- Huntley Dent, FANFARE





“Takashi Asahina was loved by music fans for his strong and dignified style of conducting. He specialized in the works of Beethoven, Brahms and Bruckner. He won the government’s Medal with Purple Ribbon in 1969, Person of Cultural Merit in 1989 and Order of Culture in 1994. He was also honored with the Japan Academy of Arts Award in 1976.

A Tokyo native, Asahina graduated from the Department of Law at Kyoto University and worked at railway company Hankyu Corp. for two years before launching his career as a conductor in 1936, despite having no formal education for the job. He used to boast to friends that he was probably the only conductor in the world who has operated a train. During wartime, Asahina held a series of performance tours in various parts of China controlled by Japanese forces. Immediately after returning to Japan in 1946, Asahina helped found the Kansai Philharmonic Orchestra, which became the Osaka Philharmonic Orchestra in 1947, and served as its executive conductor and music director up to his death at age 93.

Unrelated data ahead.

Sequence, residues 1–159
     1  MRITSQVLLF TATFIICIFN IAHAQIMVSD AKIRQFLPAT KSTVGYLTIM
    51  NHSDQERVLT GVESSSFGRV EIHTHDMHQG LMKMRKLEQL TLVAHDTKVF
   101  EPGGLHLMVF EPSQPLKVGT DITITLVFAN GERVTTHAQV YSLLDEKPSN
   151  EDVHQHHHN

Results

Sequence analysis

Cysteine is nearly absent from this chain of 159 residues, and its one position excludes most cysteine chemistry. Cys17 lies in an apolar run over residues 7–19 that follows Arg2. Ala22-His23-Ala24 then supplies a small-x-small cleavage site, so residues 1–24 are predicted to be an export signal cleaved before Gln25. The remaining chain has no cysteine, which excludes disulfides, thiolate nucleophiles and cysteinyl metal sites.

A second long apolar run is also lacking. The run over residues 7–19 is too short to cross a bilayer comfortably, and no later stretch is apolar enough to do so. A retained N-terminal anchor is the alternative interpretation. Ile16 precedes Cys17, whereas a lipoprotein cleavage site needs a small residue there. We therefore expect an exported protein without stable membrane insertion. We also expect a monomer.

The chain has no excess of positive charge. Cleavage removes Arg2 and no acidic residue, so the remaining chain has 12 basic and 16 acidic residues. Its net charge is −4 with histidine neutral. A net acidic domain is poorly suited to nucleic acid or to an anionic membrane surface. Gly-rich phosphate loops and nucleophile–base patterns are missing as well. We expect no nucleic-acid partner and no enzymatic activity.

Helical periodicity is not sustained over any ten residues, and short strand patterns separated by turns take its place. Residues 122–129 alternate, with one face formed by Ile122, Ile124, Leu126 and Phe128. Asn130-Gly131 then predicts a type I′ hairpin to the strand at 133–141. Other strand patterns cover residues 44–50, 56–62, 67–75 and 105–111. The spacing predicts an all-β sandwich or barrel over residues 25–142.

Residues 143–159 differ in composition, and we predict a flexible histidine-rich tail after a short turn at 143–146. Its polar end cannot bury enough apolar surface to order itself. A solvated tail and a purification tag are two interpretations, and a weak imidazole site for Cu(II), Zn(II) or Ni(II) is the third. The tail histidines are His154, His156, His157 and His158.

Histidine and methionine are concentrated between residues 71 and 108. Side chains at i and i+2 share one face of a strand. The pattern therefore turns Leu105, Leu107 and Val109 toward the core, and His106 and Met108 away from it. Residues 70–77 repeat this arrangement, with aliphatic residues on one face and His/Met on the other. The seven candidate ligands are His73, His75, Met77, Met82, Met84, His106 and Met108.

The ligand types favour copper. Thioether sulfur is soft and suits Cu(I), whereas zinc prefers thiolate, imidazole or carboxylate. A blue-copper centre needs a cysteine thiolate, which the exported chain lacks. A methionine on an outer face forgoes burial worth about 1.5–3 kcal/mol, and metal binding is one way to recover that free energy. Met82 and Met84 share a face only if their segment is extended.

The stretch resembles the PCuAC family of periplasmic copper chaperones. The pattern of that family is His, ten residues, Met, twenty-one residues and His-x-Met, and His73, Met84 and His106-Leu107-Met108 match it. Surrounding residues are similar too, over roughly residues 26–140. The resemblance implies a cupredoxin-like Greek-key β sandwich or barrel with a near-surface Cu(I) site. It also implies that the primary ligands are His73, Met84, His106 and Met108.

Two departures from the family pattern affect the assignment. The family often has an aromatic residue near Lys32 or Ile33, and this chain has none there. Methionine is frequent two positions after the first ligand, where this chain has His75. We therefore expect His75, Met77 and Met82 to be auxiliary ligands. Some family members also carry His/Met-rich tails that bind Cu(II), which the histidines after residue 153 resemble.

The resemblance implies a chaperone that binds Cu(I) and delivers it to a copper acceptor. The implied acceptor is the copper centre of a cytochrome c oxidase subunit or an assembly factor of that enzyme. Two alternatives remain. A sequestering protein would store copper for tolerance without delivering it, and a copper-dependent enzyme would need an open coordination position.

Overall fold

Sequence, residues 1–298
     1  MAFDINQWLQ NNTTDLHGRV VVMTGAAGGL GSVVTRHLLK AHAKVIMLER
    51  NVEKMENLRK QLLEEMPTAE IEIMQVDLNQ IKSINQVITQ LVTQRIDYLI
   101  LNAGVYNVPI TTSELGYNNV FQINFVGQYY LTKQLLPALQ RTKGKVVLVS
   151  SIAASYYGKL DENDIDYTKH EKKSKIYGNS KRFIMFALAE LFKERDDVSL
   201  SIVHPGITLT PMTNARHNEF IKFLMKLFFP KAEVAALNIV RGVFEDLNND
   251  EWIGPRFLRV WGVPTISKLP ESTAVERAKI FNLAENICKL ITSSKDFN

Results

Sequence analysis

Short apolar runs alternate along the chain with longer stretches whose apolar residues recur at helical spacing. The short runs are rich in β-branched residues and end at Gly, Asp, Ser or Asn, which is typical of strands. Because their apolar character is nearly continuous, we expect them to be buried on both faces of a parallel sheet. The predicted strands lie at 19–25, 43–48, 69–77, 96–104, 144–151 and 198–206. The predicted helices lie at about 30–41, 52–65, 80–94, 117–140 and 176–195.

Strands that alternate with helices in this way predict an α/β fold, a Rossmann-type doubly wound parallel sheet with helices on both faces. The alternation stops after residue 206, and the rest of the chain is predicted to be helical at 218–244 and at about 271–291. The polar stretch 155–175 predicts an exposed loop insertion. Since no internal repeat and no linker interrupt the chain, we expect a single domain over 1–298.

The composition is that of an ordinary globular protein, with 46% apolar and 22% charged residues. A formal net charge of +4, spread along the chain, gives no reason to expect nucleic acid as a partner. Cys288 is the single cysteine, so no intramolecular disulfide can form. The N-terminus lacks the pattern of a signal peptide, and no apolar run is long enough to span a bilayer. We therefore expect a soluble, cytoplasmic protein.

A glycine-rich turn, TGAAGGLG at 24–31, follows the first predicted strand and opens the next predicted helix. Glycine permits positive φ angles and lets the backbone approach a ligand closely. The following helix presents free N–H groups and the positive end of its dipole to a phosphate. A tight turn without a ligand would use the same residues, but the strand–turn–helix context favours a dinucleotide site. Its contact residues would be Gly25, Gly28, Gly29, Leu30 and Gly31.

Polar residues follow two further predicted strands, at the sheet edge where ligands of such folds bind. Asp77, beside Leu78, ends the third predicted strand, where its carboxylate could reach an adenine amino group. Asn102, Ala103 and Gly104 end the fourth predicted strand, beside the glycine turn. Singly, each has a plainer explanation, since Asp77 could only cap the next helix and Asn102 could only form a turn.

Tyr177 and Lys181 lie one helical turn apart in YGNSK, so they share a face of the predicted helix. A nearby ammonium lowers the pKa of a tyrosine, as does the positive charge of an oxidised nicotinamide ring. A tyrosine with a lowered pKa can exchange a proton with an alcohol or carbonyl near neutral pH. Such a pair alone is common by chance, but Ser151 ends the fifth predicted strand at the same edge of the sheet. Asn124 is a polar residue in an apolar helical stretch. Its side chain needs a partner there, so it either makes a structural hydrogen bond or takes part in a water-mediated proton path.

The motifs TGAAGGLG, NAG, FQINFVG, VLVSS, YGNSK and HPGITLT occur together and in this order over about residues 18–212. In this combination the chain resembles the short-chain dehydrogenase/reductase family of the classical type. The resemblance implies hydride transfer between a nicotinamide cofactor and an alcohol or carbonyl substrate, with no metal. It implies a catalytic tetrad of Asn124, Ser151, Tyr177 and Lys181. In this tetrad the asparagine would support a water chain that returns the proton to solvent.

Asahina remained active throughout his life and was invited twice to perform with the Chicago Philharmonic Orchestra in 1996. His energetic performances gained popularity especially among younger generations in his final years. He complained of ill health after performing at Nagoya on Oct. 24 and was hospitalized at a Kobe hospital. Subsequent performances were canceled. He died on the very night of the Osaka Philharmonic Orchestra’s annual yearend performance of Beethoven’s 9th Symphony, which he conducted more than 250 times during his career. On Sunday night, conductor Hiroshi Wakasugi took Asahina’s place for the orchestra’s performance."

- THE JAPAN TIMES, 31 Dec., 2001